The Amazing Jar that changed the world

He looked in amazement at the little fern, growing in the sealed jar. According to Dr Ward it had been growing there for three years.

“But what nourishes it?”

“Sunlight.” He replied, “Water evaporates, and condenses in the jar. Minerals feed the leaves, and return to the soil, all it needs is light.”
“Is it of any use?”
“Use! Glass boxes filled with plants, on a ships deck, will carry them safely around the world. We will move useful plants wherever we want. This could end famines, create industries and beautify gardens, it could change the world.”
It did.

Unpacking a Wardian Case at Kew in the 1920’s photo from Kew Gardens

All true.
In 1829 Dr Nathanial Ward tried to hatch out a moth chrysalis, it died, but a tiny fern seedling growing in the jar continued to grow although Dr Ward did nothing. Realising what this might mean he experimented and a decade later had a successful box for transporting pants around the world. Properly named the Wardian Case, after its inventor, it was used to transport medicinal, food and commercial crops around the globe. It really did change the world.


Written in response to this week’s carrotranch prompt
May 7, 2020, prompt: In 99 words (no more, no less), write a story to nourish. The characters can nourish or be nourished. What else can be nourished? A tree? A setting? Does the sunset nourish the soul? Go where the prompt leads!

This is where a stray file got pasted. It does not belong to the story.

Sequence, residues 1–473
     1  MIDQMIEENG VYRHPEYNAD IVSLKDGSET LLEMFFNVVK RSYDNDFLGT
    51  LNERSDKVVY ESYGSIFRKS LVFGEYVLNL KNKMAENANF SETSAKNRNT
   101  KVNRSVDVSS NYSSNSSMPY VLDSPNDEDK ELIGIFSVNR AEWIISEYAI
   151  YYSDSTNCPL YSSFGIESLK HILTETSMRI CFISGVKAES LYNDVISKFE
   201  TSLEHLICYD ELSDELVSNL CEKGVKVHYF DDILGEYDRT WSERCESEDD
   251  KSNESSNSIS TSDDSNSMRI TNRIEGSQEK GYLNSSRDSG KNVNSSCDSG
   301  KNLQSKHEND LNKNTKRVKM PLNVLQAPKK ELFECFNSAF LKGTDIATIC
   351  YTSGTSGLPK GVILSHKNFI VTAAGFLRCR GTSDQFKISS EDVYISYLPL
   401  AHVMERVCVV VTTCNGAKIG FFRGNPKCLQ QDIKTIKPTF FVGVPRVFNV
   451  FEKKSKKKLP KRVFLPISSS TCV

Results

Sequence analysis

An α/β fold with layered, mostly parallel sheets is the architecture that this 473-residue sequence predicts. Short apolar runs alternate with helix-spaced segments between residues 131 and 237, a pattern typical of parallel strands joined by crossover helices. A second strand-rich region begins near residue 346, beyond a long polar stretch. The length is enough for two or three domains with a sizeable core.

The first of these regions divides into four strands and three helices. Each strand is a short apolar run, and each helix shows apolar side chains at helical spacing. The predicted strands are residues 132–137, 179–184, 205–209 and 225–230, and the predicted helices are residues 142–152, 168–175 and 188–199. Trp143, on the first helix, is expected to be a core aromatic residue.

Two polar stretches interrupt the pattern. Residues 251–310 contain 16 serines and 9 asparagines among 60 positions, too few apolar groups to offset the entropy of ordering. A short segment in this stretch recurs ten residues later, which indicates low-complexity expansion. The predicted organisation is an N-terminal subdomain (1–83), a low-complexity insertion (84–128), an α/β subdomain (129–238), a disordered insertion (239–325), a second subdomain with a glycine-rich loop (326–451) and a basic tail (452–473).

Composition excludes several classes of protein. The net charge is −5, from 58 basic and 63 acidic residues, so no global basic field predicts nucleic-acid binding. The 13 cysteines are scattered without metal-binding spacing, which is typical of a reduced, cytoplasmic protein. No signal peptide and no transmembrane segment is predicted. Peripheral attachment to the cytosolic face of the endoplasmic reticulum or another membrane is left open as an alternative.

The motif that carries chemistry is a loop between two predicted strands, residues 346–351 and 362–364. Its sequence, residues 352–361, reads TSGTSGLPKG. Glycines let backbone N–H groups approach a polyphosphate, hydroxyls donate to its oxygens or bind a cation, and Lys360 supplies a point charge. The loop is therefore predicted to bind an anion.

Filed under Historical tales, Scientific History

5 responses to “The Amazing Jar that changed the world

  1. Cycle-delic. You always have such interesting responses. Cool.

    Liked by 1 person

  2. What an impact that must have had! Scientists and writers are always making discoveries when something else fails. It’s that curiousity!

    Liked by 1 person

    • The impact was vast, quinine was made in India saving hundreds of thousands of lives. Rubber was brought to the Far East creating a huge industry, and a book entitled ‘The trees of Britain’ could be called ‘The Trees of the Temperate Regions of the World’, as they are now the same.


  3. Pingback: Nourish « Carrot Ranch Literary Community

  4. Enjoyable story and educational – a great combination. (But please don’t tell me they used it to bring Himalayan balsam.)


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